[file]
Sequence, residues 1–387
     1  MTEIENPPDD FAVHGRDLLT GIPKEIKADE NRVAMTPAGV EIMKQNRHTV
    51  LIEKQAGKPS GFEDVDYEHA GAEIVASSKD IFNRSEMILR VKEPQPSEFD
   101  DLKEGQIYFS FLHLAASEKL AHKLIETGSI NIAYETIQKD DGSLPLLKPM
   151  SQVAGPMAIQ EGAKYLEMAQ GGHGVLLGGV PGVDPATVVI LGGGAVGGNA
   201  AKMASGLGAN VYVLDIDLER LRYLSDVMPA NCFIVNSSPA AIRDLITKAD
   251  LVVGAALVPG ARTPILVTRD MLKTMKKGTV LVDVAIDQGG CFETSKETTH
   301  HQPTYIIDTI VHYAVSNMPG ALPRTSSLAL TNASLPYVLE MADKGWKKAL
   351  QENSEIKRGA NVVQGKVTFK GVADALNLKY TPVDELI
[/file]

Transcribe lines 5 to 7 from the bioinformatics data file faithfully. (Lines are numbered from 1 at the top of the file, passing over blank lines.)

   151  SQVAGPMAIQ EGAKYLEMAQ GGHGVLLGGV PGVDPATVVI LGGGAVGGNA
   201  AKMASGLGAN VYVLDIDLER LRYLSDVMPA NCFIVNSSPA AIRDLITKAD
   251  LVVGAALVPG ARTPILVTRD MLKTMKKGTV LVDVAIDQGG CFETSKETTH